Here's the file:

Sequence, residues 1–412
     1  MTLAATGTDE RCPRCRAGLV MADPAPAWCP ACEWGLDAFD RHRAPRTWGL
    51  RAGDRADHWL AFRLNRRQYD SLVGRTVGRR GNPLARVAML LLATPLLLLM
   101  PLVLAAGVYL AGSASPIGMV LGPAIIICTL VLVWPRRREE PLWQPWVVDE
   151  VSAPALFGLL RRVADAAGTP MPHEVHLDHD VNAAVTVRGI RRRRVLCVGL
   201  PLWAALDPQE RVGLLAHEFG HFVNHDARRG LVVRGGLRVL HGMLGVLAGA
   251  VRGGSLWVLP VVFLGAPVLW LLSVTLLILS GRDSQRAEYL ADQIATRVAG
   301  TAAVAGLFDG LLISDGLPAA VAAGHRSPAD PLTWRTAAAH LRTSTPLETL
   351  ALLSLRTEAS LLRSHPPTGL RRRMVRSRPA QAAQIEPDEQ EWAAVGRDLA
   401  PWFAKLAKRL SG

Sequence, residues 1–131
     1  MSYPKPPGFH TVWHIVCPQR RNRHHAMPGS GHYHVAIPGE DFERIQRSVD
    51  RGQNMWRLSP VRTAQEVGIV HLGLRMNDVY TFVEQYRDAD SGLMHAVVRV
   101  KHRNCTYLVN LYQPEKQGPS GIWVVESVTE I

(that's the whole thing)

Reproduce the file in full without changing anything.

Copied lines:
Sequence, residues 1–412
     1  MTLAATGTDE RCPRCRAGLV MADPAPAWCP ACEWGLDAFD RHRAPRTWGL
    51  RAGDRADHWL AFRLNRRQYD SLVGRTVGRR GNPLARVAML LLATPLLLLM
   101  PLVLAAGVYL AGSASPIGMV LGPAIIICTL VLVWPRRREE PLWQPWVVDE
   151  VSAPALFGLL RRVADAAGTP MPHEVHLDHD VNAAVTVRGI RRRRVLCVGL
   201  PLWAALDPQE RVGLLAHEFG HFVNHDARRG LVVRGGLRVL HGMLGVLAGA
   251  VRGGSLWVLP VVFLGAPVLW LLSVTLLILS GRDSQRAEYL ADQIATRVAG
   301  TAAVAGLFDG LLISDGLPAA VAAGHRSPAD PLTWRTAAAH LRTSTPLETL
   351  ALLSLRTEAS LLRSHPPTGL RRRMVRSRPA QAAQIEPDEQ EWAAVGRDLA
   401  PWFAKLAKRL SG

Sequence, residues 1–131
     1  MSYPKPPGFH TVWHIVCPQR RNRHHAMPGS GHYHVAIPGE DFERIQRSVD
    51  RGQNMWRLSP VRTAQEVGIV HLGLRMNDVY TFVEQYRDAD SGLMHAVVRV
   101  KHRNCTYLVN LYQPEKQGPS GIWVVESVTE I